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Interesting ruling. Maybe Hollywood can't tell Silicon Valley which programs and applications are acceptable after all.
 

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A judge said that tools aren't illegal in themselves and lawbreaking only occurs when using them to do something illegal. I guess somebody didn't pay enough money or the judge is determined to make decisions based on the law.:p
 

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From the ruling:
Quote:
"Defendants distribute and support software, the users of which can and do choose to employ it for both lawful and unlawful ends," Wilson wrote in his opinion, released Friday. "Grokster and StreamCast are not significantly different from companies that sell home video recorders or copy machines, both of which can be and are used to infringe copyrights."
Sounds like a wise and sensible judge.


- Tom
 

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This is, of course, sensible.


It re-affirms basic notions like: Guns are not criminal, shooting people is criminal. Collecting money from customers is not criminal, extortion is illegal. Etc. etc.


I mean, I'm pleased, but could only have been terrified by the reverse outcome. If the issue was, say, about some software whose sole purpose was the circumvention of copy protection where legitimate backups couldn't be construed to be part of the deal, then the ruling might be different.


Mark
 

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This ruling is a Good News/Bad News thing for digital recording.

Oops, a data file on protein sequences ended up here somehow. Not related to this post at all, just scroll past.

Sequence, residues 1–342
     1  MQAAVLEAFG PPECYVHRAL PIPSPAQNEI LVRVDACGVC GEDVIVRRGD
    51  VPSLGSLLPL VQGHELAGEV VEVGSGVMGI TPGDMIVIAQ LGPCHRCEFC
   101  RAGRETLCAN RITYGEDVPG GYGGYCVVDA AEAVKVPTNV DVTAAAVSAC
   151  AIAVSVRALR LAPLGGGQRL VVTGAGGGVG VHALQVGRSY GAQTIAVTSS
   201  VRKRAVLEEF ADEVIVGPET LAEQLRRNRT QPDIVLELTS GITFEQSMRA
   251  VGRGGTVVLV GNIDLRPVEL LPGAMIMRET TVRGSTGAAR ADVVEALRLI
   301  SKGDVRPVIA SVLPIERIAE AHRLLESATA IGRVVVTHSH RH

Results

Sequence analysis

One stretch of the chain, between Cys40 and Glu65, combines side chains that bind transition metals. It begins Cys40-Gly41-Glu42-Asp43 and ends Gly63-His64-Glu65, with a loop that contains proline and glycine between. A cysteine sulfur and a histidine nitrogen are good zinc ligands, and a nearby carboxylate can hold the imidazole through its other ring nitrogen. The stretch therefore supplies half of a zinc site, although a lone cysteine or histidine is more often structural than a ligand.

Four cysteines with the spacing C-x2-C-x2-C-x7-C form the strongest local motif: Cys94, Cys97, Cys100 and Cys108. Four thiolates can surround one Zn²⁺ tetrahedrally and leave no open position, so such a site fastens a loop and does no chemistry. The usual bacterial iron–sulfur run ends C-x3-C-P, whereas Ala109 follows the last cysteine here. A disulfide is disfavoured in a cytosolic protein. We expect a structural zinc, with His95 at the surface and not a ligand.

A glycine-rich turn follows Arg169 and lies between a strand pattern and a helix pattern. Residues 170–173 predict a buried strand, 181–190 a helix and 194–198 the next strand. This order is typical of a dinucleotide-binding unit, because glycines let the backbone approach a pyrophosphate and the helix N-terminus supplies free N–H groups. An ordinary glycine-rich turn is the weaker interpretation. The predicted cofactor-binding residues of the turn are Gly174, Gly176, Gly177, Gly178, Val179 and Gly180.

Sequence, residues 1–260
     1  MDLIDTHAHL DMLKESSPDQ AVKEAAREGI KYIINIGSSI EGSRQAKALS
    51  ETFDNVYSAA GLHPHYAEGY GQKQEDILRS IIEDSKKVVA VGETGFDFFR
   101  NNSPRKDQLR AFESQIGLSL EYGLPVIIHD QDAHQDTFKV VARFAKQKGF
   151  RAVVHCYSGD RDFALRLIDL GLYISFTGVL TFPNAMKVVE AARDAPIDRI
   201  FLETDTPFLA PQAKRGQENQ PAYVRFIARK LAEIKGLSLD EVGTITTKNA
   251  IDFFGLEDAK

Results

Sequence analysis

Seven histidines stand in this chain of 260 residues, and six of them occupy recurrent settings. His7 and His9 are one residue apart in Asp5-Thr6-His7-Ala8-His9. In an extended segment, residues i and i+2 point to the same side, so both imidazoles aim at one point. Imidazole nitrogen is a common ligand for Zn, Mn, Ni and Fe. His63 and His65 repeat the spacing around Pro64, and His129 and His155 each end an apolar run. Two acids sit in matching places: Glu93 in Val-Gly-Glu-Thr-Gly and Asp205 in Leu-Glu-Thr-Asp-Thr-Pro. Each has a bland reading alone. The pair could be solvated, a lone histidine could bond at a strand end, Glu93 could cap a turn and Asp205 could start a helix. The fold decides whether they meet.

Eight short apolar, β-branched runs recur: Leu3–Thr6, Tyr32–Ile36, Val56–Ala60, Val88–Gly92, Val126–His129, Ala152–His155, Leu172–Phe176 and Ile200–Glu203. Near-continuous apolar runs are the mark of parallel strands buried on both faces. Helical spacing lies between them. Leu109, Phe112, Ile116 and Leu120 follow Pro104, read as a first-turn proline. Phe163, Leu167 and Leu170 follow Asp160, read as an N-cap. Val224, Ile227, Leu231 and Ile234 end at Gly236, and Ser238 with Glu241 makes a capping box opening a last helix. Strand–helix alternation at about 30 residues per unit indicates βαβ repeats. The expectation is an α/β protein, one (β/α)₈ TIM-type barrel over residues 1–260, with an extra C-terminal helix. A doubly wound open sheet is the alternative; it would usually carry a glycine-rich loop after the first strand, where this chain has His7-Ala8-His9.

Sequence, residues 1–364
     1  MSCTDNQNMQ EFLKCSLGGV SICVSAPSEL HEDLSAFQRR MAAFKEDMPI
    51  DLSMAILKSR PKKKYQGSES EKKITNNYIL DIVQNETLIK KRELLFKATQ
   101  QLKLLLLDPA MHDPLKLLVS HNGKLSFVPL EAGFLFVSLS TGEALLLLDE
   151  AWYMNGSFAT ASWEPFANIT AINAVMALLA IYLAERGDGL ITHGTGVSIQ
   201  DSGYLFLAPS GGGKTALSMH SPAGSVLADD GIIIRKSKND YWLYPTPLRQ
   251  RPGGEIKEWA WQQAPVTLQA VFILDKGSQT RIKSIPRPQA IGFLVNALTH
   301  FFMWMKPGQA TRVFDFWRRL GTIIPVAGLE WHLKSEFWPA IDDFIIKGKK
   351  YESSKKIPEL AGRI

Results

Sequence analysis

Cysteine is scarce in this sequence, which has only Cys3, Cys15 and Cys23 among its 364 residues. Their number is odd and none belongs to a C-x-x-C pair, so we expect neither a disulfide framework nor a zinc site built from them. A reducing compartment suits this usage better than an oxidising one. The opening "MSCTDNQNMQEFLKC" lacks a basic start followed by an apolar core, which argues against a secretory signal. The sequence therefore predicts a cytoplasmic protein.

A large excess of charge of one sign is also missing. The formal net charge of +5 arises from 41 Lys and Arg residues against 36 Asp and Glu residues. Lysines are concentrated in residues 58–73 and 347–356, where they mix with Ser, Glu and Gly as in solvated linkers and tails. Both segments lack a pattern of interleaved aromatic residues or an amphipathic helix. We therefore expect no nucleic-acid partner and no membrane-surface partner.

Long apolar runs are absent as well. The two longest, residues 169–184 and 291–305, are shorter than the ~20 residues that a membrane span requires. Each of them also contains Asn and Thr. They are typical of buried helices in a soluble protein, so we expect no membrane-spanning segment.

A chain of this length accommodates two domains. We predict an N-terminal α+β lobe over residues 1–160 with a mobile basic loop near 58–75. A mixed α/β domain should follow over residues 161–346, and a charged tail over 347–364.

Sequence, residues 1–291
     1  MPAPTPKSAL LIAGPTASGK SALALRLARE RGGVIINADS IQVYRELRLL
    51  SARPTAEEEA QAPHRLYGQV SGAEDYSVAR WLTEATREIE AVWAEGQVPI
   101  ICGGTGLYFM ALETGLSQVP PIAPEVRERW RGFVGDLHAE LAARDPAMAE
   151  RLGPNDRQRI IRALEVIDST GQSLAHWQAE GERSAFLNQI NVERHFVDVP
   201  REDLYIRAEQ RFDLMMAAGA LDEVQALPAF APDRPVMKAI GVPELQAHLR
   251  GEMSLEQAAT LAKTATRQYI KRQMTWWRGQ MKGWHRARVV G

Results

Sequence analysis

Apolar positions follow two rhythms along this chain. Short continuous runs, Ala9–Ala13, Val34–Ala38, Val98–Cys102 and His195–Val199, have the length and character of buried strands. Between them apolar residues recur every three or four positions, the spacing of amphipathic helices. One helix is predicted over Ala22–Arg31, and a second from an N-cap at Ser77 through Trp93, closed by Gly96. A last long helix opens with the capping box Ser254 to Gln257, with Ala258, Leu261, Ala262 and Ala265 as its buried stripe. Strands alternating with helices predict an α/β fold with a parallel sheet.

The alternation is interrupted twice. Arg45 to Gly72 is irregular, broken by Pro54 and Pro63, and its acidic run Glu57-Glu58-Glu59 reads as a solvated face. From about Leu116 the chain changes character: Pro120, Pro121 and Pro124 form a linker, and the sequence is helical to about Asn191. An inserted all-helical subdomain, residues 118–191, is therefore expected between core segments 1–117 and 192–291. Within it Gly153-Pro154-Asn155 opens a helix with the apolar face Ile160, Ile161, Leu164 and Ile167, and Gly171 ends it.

The Good News is that Fair Use was recognized and reaffirmed:

"In making that argument, the judge looked back to the landmark 1984 Supreme Court ruling that upheld the legality of Sony's Betamax videocassette recorder (VCR). That decision helped establish the doctrine of 'substantial noninfringing use,' which protects technology providers that distribute products--like the VCR or photocopier--that can be used for both legal and illegal purposes."


The Bad News is that the Court's language here presages an ultimate defeat at the hands of Congress' DMCA:

"...the ruling is likely to produce another round of interest in legislation affecting copyright issue on the Net--an outcome that Wilson himself foresaw.


"Policy, 'as well as history, supports our consistent deference to Congress when major technological innovations alter the market for copyrighted materials,' Wilson wrote. 'Congress has the constitutional authority and the institutional ability to accommodate fully the raised permutations of competing interests that are inevitably implicated by such new technology...Additional legislative guidance may be well-counseled.'"
 

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Or it presages a ruling by a higher court that smashes the DMCA on ground of constitutional overreaching.


It is clear that the framers' intent was for copyrights that were limited in duration and scope. There are a number of "original intent" interests on the highest court as well as civil libertarians.


Mark
 
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